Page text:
North Carolina and Ohio have long feud about which state deserves credit for the first airplane flight.

Orville and Wilbur Wright, who made that first historic flight, were from Ohio and built that first plane at their shop in Dayton, Ohio, but the plane flew for the first time at Kitty Hawk, North Carolina.

North Carolina got a big boost in its claim of being “First in Flight” when Ohio this week unveiled a new license plate with the Wright brothers’ plane trailing a banner that reads, “Ohio Birthplace of Aviation.”

The problem is that on that license plate the Wright Brothers’ famous plane is flying backwards.  Flying forwards was a remarkable and world changing event, flying the plane backwards would have been truly miraculous.

It seems that whoever designed the license plate for the state of Ohio didn’t know much about the Wright Brothers first flight.  If they had taken a trip to Kitty Hawk, to bone up on how that plane actually flew, it would have saved the state of Ohio a lot of embarrassment.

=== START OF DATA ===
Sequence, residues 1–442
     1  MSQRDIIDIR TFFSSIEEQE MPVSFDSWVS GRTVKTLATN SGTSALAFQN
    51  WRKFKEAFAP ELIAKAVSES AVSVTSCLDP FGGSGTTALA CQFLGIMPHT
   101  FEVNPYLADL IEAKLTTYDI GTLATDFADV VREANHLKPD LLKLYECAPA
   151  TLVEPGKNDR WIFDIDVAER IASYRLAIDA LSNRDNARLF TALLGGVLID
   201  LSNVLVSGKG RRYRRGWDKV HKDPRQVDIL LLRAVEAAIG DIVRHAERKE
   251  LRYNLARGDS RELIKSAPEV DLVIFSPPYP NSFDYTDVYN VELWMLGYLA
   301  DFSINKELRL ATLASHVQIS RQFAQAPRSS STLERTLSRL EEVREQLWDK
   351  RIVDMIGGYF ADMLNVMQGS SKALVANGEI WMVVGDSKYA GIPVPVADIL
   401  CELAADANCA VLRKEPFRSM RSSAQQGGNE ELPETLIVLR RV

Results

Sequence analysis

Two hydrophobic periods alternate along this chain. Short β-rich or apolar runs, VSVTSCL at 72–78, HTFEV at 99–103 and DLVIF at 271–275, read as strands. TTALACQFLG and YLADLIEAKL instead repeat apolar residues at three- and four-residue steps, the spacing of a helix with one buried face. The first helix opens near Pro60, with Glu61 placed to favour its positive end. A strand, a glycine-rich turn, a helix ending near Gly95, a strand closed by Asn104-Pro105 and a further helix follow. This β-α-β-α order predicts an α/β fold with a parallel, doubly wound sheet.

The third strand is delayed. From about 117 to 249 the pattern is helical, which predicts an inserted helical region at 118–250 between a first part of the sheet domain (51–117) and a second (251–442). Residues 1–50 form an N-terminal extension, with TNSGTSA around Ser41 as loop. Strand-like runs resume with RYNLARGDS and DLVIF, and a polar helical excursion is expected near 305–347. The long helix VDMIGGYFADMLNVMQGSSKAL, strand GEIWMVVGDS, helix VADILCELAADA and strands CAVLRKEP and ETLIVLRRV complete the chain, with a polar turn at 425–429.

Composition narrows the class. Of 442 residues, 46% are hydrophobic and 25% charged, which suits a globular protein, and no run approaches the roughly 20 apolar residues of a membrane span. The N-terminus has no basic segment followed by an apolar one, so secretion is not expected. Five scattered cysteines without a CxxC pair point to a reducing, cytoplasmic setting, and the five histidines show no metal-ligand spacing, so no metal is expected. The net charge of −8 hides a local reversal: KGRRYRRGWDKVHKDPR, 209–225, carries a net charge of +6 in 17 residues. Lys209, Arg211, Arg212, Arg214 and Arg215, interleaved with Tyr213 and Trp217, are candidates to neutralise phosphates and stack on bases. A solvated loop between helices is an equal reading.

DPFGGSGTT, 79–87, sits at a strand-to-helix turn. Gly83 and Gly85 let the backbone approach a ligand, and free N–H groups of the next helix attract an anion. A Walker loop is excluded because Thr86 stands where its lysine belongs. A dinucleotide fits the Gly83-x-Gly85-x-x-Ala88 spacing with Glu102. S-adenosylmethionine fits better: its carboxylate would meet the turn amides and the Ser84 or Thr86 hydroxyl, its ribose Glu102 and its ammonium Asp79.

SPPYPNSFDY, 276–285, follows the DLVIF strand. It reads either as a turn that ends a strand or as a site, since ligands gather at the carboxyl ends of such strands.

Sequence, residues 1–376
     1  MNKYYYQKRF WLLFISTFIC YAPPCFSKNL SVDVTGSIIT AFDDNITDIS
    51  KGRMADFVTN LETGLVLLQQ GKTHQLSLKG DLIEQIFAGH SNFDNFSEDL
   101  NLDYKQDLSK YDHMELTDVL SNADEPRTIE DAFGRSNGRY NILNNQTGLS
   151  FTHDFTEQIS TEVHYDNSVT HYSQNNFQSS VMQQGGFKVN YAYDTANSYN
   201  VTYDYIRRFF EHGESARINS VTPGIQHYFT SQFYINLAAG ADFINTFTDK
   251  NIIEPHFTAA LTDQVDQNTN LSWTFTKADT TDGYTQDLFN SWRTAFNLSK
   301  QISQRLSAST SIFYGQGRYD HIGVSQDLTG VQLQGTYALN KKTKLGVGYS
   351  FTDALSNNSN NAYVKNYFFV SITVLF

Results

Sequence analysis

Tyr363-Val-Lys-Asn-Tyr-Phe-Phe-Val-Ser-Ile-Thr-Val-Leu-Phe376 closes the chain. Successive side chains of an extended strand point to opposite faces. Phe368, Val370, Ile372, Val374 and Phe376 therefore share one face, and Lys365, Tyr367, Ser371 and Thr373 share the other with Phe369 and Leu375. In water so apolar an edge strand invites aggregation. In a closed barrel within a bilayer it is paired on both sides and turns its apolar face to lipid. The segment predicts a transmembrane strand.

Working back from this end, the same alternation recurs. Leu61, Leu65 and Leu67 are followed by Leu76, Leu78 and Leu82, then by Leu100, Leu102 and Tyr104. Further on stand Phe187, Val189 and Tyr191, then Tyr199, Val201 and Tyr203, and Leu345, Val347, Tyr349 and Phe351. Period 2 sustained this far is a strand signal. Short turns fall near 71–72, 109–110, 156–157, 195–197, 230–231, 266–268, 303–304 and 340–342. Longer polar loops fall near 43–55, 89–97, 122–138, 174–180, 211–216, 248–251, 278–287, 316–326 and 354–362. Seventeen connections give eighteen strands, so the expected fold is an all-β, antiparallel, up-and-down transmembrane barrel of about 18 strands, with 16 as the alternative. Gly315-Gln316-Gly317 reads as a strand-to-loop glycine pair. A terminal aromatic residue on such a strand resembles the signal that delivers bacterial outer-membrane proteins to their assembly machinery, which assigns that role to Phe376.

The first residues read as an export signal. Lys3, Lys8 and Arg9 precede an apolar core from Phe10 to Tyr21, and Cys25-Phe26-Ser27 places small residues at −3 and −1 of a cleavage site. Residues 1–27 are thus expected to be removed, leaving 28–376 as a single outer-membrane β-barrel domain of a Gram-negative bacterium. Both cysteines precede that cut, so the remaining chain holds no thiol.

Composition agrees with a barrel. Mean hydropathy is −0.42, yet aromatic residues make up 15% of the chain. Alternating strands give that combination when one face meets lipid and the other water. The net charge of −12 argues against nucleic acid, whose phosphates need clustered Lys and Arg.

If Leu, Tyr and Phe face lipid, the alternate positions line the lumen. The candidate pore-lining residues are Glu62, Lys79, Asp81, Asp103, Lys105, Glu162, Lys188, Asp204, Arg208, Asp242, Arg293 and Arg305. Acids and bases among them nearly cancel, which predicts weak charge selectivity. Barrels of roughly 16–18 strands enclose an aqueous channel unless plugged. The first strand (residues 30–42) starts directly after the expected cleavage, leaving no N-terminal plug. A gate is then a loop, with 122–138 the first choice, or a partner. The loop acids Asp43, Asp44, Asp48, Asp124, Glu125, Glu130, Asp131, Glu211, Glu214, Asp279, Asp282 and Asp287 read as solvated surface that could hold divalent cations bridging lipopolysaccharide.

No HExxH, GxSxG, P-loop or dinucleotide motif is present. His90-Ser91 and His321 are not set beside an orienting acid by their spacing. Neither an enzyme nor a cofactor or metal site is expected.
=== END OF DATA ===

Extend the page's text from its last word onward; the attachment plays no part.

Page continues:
The Wright Brothers’ plane had the elevators in front, so what looks like it should be the tail of the plane is actually the front of the plane.  Instead of having the 12-horsepower motor turning a propellor on the front of the plane, the propellor was behind the wings pushing the plane rather than pulling the plane.

This unusual set up evidently confused the folks in Ohio and they have the elevators at the rear of the plane where they are in most planes today.

Fortunately, for the state of Ohio the embarrassing mistake was discovered before the license plate actually went into production and thousands of Ohioans were driving around with the license plate on their vehicles.

But there is no doubt that Orville Wright piloted the first airplane flight at Kitty Hawk, North Carolina, on Dec. 17, 1903.  Wilbur Wright had the record for the longest flight of the day at 852 feet and stayed in the air for a remarkable 59 seconds.